Now that I've caught up on posting about all my summer reads, it's time to see how I did on the summer reading bingo challenge. For this fun project, created by the hosts of the podcast Books on the Nightstand, I generated a bingo card with a random set of book categories, and then I organized most of my summer reading around filling in as many squares as possible.
I ended up covering 17 out of 25 squares, representing 16 books and a film (the free square). Some of these were books I would have read this summer anyway. But many of the bingo squares inspired me to pick up books that I theoretically wanted to read someday but kept not getting around to. I enjoy undertaking periodic reading challenges because they provide that push to expand and mix up my reading, and I'm pleased with how this one worked out for me.
Here's a look at my finished card, followed by a list of all the completed categories and books, with links to my reviews.
→ With an animal on the cover: GOLDEN STATE by Michelle Richmond. It was only once I'd finished reading this book and was checking whether it qualified for any squares that I noticed the flock of birds. (Review)
→ Currently on the bestseller list: CALIFORNIA by Edan Lepucki. Thanks to a significant Colbert bump, this debut made the New York Times hardcover fiction bestseller list the week of its release. (Review)
→ Has been on your TBR for longer than two years: THE LEFTOVERS by Tom Perrotta. A great many items on my TBR (to-be-read list) qualify, but I chose this one because I was interested in the new TV series. (Review)
→ Recommended by a librarian or bookseller: INTERPRETER OF MALADIES by Jhumpa Lahiri. Using this category for this book is a bit of a cheat, because it was most prominently and repeatedly recommended to me by my mother, but I did also spot it as a staff pick while shopping at Books Inc. (Review)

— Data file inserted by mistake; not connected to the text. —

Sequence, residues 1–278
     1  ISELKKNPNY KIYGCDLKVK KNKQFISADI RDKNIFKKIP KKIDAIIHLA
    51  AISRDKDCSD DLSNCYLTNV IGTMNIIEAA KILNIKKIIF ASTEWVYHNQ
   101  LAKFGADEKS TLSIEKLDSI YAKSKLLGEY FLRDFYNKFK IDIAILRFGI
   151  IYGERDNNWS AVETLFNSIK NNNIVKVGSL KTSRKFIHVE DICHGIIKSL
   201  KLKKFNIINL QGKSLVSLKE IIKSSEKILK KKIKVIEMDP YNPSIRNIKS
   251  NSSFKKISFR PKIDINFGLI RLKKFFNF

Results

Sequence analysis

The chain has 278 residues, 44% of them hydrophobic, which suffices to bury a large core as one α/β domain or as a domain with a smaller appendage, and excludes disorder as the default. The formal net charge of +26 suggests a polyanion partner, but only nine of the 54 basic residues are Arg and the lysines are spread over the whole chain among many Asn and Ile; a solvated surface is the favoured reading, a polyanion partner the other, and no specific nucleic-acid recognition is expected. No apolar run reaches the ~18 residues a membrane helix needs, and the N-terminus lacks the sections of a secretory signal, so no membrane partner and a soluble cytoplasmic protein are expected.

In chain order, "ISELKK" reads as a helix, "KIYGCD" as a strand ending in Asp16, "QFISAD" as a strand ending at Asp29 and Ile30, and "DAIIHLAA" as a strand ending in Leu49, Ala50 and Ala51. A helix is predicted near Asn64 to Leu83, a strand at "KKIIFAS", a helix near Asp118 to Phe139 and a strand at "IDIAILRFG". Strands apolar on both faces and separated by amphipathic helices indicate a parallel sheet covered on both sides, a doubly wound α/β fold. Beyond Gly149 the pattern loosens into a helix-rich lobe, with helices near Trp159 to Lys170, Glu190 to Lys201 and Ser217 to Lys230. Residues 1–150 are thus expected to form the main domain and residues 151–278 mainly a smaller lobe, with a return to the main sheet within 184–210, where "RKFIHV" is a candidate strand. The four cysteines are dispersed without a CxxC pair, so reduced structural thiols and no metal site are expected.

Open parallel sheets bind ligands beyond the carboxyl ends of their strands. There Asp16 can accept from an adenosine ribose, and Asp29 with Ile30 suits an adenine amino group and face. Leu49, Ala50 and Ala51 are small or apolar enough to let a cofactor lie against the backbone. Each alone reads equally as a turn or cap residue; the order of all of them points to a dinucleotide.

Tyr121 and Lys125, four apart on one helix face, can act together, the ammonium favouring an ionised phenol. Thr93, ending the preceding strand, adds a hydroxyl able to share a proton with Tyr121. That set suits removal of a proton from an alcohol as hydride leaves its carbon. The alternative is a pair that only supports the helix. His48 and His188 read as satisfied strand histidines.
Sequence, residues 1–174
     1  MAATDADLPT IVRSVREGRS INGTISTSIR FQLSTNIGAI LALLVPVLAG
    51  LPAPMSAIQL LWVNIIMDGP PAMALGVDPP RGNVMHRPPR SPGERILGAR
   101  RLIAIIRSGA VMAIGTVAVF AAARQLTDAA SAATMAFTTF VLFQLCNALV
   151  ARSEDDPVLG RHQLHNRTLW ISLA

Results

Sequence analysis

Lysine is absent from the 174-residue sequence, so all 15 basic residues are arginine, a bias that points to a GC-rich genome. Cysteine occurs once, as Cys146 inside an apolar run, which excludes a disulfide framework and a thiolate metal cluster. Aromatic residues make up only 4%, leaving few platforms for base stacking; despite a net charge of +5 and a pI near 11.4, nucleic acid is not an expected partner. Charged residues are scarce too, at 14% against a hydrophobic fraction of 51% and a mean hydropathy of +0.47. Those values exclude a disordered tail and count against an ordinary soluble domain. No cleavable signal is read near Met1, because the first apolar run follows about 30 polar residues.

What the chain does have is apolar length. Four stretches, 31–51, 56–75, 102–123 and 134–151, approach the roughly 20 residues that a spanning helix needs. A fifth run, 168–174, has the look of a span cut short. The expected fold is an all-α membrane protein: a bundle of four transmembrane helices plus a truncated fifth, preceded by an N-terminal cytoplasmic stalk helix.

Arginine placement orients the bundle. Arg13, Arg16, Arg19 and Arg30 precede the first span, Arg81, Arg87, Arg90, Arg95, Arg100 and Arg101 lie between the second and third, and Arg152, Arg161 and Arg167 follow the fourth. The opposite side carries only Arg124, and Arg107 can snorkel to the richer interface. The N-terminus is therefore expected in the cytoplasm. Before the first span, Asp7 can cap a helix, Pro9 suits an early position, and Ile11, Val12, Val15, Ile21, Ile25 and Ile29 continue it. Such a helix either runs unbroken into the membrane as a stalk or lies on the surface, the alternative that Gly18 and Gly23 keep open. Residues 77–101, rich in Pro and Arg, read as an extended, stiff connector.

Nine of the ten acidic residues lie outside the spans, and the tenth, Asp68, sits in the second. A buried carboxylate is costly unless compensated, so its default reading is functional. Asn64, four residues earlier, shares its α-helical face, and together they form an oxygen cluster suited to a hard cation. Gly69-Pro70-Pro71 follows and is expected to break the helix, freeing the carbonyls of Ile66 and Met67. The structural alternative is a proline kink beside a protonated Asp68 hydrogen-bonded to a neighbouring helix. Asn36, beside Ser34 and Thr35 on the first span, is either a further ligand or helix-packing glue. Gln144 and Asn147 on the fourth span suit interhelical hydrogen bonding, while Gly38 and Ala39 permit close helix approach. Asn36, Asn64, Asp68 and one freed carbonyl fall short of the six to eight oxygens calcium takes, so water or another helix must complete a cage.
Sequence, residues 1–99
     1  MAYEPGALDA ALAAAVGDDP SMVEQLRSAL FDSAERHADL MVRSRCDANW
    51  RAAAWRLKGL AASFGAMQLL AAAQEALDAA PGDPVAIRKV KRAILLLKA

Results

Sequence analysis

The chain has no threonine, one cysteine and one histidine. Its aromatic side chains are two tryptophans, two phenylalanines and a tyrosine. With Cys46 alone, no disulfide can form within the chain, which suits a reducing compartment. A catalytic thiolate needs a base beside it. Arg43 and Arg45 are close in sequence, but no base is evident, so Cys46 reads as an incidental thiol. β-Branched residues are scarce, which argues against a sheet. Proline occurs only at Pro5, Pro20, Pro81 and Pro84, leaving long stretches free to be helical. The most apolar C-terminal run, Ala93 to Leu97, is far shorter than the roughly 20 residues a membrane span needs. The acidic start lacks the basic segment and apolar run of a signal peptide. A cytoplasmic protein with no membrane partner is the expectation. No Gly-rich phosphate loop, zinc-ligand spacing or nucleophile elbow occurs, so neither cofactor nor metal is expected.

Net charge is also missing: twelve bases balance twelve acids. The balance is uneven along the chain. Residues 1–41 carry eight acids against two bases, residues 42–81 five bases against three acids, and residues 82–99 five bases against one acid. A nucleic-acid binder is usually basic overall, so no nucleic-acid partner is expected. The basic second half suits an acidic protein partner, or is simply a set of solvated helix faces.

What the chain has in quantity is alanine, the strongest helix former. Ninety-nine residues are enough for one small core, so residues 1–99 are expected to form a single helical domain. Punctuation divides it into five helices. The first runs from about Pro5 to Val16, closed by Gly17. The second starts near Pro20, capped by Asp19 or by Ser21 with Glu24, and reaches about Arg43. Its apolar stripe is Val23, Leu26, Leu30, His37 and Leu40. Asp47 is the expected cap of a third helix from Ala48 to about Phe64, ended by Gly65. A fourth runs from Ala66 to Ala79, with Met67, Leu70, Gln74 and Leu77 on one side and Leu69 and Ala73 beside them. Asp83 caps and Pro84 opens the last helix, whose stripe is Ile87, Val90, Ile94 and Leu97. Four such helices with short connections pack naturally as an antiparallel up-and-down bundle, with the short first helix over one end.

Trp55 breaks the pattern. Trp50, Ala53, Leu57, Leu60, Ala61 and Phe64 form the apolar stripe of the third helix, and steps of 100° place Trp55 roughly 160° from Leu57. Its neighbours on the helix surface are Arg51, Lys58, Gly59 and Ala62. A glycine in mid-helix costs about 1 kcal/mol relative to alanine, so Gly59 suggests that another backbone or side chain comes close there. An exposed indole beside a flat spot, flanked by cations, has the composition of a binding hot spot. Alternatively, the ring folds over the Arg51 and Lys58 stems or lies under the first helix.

→ Set in the place where you live: BLUE SKY DREAM by David Beers. This memoir of Silicon Valley was one of the sparks of inspiration for my own novel, and I reread it this summer to pick up additional historical details. (Review)
→ Movie adaptation (free square): The BOTNS hosts suggested a free square requirement of watching a movie or TV adaptation. I saw the movie of THE FAULT IN OUR STARS by John Green, which I read earlier this year. It was a good, faithful adaptation that left me with similar feelings as the book. (Review of book)
→ That "everyone" but you has read: ELEANOR AND PARK by Rainbow Rowell. While not "everyone" reads young adult books, a great many people do, and it seemed like they'd all read this book before I did. (Review)
→ Nonfiction: BAD FEMINIST by Roxane Gay. I don't tend to read nonfiction unless it's for research purposes, but I'm fairly interested in collections of essays that provide some sort of thematic cultural criticism. And I'm interested in anything by Roxane Gay. (Review)
→ By a small press: FROM THE STANDARD CYCLOPEDIA OF RECIPES by B.C. Edwards. This is a collection of poetry from the independent publisher Black Lawrence Press, which really isn't the sort of thing I usually read, but it's by an old friend of mine. (Review)
→ Recommended in a BOTNS episode: WE WERE LIARS by E. Lockhart. At the end of Books on the Nightstand podcasts, the hosts usually each recommend one book, but in this case, they both raved about the same one. (Review)
→ Recommended by a family member: AMERICANAH by Chimamanda Ngozi Adichie. I'd heard about this book from many sources, but what really drove me to read it was that my mom had read it recently. (Review)
→ Published before 1970: INVISIBLE MAN by Ralph Ellison. This is another book I'd owned and intended to read for quite some time, and realizing it filled this category provided the necessary prompt. (Review)
One unfilled square that deserves a mention is Translation. I didn't quite have time to get to it during the timeframe of the challenge, but shortly afterward, I read AFTER THE QUAKE by Haruki Murakami because of the category suggestion. (Review)
Good Stuff Out There:
→ Andrea Blythe shares great advice on How to Dig Yourself Out of a Creative Slump: "I recently set a daily goal of writing for 10 minutes a day -- barely enough time to get a paragraph or two down. But once I finish those 10 minutes I know I've accomplished something: I put words on the page. And, more often than not, I find myself writing past the 10 minutes and putting down more words than expected."